Key Verizon investment areas include fiber and multi-access edge computing, noted Verizon Chairman and CEO Hans Vestberg today. Vestberg told attendees at an investor conference that the company is installing 1400 miles of fiber per month and that it will begin offering multi-access edge computing (MEC) in fourth quarter.

Verizon fiber deployments are critical to supporting a mixture of services, Vestberg said.

“One part of the whole intelligent edge network was that . . . all the way from the data center to the access point you have one unique network with a lot of redundancy and, in between, a lot of fiber to the access point and then you decide if it’s 3G, 5G, 4G or fiber to the home or fiber to the curb or fiber to the enterprise,” he explained.

Verizon expects to continue to deploy about this amount of fiber on a monthly basis for another two to three year, Vestberg noted.

Verizon Investment in MEC
Multi-access edge computing is becoming increasingly important to network operators’ vision for 5G and the enterprise. Both Verizon and AT&T have been talking for some time about enabling new applications by combining the low latency of 5G networks with intelligence and computing resources located close to end users. Other carriers, including Sprint, also are getting on the bandwagon.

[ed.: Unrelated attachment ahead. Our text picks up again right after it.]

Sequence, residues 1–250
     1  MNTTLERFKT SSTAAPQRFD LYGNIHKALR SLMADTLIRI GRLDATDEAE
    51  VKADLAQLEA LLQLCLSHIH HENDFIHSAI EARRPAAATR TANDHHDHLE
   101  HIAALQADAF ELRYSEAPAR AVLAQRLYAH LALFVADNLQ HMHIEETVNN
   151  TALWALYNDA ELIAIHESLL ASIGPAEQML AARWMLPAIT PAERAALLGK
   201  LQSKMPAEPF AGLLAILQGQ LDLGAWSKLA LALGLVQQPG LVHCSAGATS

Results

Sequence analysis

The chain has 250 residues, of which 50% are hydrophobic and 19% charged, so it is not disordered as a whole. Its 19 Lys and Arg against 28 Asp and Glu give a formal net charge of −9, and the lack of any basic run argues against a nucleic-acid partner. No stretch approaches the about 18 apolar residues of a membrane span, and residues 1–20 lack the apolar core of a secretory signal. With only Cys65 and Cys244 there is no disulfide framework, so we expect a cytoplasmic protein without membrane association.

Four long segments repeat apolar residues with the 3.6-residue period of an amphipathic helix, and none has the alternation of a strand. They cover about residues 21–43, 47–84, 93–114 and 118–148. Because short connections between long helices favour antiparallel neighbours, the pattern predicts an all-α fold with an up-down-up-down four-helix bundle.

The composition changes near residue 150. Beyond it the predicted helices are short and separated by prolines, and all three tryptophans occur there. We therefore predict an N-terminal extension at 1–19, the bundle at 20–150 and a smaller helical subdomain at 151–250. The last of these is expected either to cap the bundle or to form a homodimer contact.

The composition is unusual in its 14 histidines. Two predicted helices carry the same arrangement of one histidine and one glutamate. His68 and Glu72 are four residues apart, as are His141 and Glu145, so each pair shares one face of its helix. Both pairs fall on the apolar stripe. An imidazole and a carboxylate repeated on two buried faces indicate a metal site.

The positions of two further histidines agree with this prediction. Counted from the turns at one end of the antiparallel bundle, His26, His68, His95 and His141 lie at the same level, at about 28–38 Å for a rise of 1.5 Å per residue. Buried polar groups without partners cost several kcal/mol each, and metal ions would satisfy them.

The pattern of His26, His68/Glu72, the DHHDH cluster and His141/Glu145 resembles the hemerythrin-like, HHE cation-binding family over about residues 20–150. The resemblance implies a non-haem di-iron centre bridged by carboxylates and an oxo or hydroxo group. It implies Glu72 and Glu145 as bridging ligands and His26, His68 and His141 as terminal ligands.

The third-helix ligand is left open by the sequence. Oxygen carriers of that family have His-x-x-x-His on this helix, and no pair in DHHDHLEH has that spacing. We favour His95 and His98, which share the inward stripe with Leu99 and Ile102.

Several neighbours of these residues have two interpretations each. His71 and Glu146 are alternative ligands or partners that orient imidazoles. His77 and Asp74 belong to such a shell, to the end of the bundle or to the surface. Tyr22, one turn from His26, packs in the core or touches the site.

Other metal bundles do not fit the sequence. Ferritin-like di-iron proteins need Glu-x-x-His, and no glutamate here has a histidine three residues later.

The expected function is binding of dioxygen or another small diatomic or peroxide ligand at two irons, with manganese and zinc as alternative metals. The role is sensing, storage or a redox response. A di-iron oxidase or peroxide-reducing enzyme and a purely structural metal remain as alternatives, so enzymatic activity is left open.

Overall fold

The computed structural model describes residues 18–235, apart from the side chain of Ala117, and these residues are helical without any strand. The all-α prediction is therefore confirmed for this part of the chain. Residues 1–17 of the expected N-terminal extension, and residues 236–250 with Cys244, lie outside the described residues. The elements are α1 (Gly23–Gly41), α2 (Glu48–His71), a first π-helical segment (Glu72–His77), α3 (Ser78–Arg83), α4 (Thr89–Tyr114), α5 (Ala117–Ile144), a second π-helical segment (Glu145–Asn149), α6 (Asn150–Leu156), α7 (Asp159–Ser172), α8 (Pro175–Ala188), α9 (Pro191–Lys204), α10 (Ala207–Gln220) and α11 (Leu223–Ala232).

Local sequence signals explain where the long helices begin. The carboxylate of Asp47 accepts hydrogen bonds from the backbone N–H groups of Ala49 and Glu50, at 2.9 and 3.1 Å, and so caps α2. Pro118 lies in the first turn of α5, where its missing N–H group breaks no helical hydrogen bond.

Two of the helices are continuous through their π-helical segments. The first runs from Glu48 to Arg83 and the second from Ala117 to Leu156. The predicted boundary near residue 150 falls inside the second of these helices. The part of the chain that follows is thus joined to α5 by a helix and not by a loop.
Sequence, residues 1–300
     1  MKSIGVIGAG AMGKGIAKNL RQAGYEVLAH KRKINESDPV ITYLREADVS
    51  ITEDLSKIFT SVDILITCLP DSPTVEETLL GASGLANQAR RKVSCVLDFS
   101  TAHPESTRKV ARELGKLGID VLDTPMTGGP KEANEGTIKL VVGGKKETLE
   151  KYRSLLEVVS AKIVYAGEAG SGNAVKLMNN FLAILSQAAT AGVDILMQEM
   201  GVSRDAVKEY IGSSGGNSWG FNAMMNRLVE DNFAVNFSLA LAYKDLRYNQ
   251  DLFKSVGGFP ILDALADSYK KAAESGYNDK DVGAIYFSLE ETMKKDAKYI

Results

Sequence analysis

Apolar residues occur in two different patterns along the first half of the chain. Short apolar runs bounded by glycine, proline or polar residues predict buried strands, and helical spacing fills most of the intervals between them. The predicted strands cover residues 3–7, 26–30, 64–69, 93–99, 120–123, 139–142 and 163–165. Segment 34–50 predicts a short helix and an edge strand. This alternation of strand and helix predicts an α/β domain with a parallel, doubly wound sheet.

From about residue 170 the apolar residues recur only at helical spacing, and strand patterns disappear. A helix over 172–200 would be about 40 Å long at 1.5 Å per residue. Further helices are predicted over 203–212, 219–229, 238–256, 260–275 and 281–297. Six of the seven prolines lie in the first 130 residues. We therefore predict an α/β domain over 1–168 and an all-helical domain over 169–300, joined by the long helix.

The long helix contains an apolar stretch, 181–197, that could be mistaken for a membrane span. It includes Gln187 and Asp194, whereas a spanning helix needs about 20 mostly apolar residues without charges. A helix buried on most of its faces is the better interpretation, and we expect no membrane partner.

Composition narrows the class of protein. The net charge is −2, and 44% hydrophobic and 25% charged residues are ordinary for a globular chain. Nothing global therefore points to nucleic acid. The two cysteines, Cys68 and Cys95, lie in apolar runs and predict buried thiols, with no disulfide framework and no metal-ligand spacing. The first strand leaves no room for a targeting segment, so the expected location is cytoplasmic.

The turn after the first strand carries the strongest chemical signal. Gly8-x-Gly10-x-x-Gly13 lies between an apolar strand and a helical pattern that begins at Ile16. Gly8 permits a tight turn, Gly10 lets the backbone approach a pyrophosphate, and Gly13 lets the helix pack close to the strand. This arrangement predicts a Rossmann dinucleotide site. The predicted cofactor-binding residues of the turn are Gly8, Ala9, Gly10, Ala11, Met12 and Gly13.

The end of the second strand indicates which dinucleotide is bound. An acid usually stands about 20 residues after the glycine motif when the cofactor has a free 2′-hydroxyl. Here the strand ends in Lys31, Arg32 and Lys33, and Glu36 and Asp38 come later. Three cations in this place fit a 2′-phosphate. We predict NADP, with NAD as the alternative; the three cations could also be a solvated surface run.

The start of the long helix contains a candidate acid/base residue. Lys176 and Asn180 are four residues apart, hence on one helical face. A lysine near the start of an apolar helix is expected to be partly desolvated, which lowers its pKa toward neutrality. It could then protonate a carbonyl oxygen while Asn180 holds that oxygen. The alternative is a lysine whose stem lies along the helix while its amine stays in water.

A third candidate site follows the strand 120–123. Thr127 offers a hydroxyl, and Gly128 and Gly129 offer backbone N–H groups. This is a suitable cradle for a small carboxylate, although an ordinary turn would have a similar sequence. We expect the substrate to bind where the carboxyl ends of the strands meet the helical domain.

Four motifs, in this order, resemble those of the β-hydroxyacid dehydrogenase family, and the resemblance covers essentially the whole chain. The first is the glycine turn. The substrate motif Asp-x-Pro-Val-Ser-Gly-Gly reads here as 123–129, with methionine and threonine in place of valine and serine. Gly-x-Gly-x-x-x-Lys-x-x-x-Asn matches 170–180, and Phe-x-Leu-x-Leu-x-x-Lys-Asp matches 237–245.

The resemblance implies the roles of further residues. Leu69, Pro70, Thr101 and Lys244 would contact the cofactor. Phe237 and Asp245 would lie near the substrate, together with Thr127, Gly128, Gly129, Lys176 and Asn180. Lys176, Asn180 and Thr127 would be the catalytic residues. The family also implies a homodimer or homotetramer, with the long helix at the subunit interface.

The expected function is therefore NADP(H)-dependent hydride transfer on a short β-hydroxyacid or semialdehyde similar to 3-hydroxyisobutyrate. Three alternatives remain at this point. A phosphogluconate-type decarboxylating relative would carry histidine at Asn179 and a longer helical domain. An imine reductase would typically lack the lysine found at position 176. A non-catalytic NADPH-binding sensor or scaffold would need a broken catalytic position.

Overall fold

According to Vestberg, the nation’s 40 or 50 largest companies are exploring how they can use a combination of private 5G and MEC to “rethink” factories, hospitals and other operations. 

“We are already in with these customers,” Vestberg said, reiterating a theme we heard just a few days ago when we talked to Verizon Senior Executive Vice President Adam Koeppe  about the company’s plans for the CBRS band, which became available for commercial operation when the FCC  announced on Monday that it had approved initial commercial deployments in the band. Koeppe also noted opportunities for Verizon to work with existing enterprise customers on applications involving wireless and MEC.

Vestberg didn’t detail the types of applications that a combination of 5G and MEC could enable in his comments today. But stakeholders have been talking about applications such as virtual and augmented reality, self-driving cars and remote-controlled robotics.

Verizon testing earlier this year showed that a MEC approach could enable facial recognition technology to recognize individuals twice as quickly as when the same testing was done using a more distant data center. 

Vestberg made his comments at the Goldman Sachs Communacopia Conference, which was also webcast.

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